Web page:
Australia’s number two carrier, Optus, has paid a $504,000 infringement notice after being found by the Australian Communications and Media Authority (ACMA) to have committed significant breaches of spam laws.
The ACMA found Optus sent SMS and email marketing emails to approximately 750,000 consumers after they had already unsubscribed, and also sent billing notices which did not have an unsubscribe facility.
Australian spam laws were introduced in 2003 and historically the fines have been modest. However this is the largest infringement notice ever paid for spam and is indicative of Australian regulators becoming increasingly active in the markets they regulate.
In addition to the fine, the ACMA accepted a court enforceable undertaking in which Optus will appoint an independent consultant to review its systems, policies, and procedures.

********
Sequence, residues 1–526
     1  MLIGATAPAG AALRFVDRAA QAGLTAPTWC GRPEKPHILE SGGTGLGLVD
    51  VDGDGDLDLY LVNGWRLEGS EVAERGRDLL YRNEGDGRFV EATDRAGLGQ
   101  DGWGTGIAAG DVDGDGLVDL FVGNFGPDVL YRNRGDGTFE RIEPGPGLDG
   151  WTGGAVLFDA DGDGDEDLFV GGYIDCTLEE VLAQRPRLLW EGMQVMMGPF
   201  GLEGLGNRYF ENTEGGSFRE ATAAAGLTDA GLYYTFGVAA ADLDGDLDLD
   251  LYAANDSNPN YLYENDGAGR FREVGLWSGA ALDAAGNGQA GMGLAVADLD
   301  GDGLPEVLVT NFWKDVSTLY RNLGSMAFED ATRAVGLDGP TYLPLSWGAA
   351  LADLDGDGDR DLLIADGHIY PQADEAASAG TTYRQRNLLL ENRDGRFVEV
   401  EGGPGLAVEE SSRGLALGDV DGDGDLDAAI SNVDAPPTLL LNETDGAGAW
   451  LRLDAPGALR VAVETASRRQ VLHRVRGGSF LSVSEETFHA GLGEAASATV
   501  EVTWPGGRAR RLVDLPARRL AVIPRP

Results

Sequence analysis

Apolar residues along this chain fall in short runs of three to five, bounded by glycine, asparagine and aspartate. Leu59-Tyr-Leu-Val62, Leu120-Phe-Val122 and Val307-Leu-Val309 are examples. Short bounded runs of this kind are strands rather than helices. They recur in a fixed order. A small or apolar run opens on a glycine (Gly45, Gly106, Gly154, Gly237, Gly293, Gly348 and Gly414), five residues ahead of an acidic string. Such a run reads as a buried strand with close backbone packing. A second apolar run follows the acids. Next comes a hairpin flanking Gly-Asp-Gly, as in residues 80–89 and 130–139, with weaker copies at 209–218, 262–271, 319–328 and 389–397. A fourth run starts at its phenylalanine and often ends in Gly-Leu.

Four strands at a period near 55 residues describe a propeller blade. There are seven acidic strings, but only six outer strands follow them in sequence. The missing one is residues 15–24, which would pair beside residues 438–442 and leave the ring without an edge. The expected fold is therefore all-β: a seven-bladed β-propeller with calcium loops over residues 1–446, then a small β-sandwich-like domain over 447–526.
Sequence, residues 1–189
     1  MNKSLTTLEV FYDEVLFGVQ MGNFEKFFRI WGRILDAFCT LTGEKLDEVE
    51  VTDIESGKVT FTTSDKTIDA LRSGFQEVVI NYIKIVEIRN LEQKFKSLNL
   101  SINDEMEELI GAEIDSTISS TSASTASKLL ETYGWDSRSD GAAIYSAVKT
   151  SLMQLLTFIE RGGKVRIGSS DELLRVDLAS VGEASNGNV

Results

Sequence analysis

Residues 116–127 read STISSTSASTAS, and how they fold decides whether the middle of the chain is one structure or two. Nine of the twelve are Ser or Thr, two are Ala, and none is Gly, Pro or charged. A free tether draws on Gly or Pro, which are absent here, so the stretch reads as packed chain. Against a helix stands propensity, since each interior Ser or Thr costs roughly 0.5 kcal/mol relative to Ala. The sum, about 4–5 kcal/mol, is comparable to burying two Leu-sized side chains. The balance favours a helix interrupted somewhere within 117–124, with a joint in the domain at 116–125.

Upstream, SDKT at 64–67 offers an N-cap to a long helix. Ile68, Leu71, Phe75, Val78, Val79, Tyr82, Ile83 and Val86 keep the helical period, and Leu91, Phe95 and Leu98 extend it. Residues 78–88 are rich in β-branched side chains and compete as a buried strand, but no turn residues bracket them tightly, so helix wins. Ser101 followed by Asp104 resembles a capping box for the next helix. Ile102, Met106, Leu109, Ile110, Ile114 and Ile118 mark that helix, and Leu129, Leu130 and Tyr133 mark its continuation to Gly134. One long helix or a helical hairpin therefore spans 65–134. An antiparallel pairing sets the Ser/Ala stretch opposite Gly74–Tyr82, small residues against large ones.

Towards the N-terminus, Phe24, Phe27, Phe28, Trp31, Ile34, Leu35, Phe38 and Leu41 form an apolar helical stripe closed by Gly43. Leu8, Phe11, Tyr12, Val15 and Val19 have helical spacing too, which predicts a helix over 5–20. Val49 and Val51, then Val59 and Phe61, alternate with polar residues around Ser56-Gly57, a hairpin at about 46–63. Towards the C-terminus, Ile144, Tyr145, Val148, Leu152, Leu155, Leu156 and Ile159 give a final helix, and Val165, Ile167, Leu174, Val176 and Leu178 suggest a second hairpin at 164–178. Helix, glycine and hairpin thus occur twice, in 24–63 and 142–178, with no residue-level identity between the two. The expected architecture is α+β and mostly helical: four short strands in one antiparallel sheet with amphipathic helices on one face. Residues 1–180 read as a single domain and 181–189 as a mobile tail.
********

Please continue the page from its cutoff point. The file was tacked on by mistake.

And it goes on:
Although ACMA generally takes a consultative approach with business, the record fine shows it is increasingly willing to use more forceful powers to compel compliance with spam laws.
It follows a trend in recent years of Australian regulators taking a more proactive approach to enforcement including:
- the Australian Securities and Investments Commission adopting a “Why not litigate” approach following the Financial Services Royal Commission; and
- the establishment of a new branch within the Australian Competition and Consumer Commission to investigate and enforce competition and consumer protections in digital platform markets following the Digital Platforms Inquiry.